In a Latin Best Practices Facebook group discussion months back, I shared that I wasn’t sure I do any pre- or post-reading. I just have a bunch of…activities. While I still think that’s true, I’ve decided to consolidate and organize everything under the pre/dum(during)/post categories to make planning even easier.
I almost can’t believe I just typed that. Planning—for me—already takes mere minutes. With broad Class Day and Culture Day unit plans established for reference, I’ve had no need to plan the class agenda more than a day or two in advance. In fact, doing so becomes a waste of time as things become irrelevant, or causes frustration when plans—inevitably—must change. N.B. I’m able to plan this way because I work under a “forward procedure” approach, which I highly recommend. Still, if there’s a way to reduce planning even further, I’m game.
I hear teachers talk about cycles a lot these days, which are kind of like longer planning routines. Since my school went to A/B day block schedule, the whole “Monday = ____ day” is pointless, and the longer 84 minute classes really messed with how I structured it all. This year was a big adjustment to say the least. So next year, I’m gonna give the cycle thing a try as it pertains to pre-, dum-, and post-reading sequences within a single class. This differs from what Elizabeth Davidson shared, noting that her sequence typically lasts 4-6 days. These past weeks, though, I’ve been using the sequences when reading a short text, such as a novella chapter, in one class. As such, the amount of pre- needed for the reading (dum-) is far more limited, as well as the scope of a post-reading wrap-up (usually a game). For the descriptions of everything that follows, see this updated list of activities, which is now organized by timing, not prep…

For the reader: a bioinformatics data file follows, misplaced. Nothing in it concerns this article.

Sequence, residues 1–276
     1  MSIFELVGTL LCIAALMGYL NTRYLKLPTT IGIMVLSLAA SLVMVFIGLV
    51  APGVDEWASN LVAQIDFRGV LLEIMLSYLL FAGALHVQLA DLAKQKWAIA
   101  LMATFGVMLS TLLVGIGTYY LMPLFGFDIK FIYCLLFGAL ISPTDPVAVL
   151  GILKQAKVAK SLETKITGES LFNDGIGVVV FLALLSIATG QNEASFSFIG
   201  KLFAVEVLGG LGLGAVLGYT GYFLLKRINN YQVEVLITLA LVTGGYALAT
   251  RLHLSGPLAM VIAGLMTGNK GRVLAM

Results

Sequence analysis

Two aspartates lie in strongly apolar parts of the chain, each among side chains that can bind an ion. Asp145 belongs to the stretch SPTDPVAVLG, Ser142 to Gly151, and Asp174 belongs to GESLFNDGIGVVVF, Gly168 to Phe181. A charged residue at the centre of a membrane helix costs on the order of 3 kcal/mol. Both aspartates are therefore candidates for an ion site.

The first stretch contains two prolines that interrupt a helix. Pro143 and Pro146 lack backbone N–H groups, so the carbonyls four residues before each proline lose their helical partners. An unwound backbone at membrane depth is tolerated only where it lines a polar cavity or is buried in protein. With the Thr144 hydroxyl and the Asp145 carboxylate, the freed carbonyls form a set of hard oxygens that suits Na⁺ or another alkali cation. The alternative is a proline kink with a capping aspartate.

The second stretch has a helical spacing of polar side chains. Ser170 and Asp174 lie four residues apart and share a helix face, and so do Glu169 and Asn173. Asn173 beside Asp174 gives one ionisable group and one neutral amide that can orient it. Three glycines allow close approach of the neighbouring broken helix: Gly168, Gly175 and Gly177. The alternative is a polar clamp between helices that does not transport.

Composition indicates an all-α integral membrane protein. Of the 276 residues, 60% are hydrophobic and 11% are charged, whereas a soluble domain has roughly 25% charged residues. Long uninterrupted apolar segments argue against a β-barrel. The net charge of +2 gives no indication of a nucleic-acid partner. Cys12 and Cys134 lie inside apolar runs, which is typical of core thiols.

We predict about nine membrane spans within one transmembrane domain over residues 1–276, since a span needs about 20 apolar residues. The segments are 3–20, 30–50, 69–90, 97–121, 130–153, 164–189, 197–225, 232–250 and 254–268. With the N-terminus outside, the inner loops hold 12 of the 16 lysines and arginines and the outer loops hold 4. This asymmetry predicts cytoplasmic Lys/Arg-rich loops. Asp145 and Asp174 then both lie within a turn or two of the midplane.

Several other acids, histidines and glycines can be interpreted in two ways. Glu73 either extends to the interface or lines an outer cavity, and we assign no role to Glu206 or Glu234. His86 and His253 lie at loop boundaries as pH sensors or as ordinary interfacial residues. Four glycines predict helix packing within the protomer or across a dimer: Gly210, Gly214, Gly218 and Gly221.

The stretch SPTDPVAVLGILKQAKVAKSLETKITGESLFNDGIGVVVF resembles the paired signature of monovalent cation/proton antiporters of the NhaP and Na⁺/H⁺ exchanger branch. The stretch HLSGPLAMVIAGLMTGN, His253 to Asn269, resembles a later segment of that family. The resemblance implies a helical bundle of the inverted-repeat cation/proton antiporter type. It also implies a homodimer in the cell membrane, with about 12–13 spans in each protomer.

This post includes practical ideas I got from Florencia Henshaw’s and Maris Hawkins’ theory-to-practice SLA (second language acquisition) book. The preface and first chapter contain what’s probably among the best 30 pages a language teacher could read, especially one having little familiarity with SLA, and/or those who missed the Tea with BVP train, and While We’re On The Topic.
My context is teaching first year Latin in a small public high school in a large city. Latin is required. It’s the only language offered. So there. I teach beginning students who have no choice (i.e., this often means no interest or any prior knowledge), and many of them didn’t have a second language experience in primary or middle school. Since “novice learners have a long way to go when it comes to developing a linguistic system” (p. 138), my focus is hardly on any output. Output “helps with the skill of accessing that system” (p. 138), which the beginner is still building, so it’s not a priority. This doesn’t mean no one speaks Latin (students do!). This doesn’t mean there isn’t any interaction. What this does mean is that I’m not thrown off by all the “Get students speaking the TL in just five easy steps!” messages that lead so many language teachers astray. Neither are the authors, although they’ve included stuff in the book for those who might be dealing with an IPA-heavy department (Integrated Performance Tasks), or who might be coming from a more traditional program and isn’t quite ready to give input its due attention. Input is key. I’d actually feel the same if I taught second year Latin as well, and maybe even year three. This would also hold true for any language. That is to say I think all Spanish I & II, or maybe even Korean III teachers would benefit from the same approach: a massive focus on input.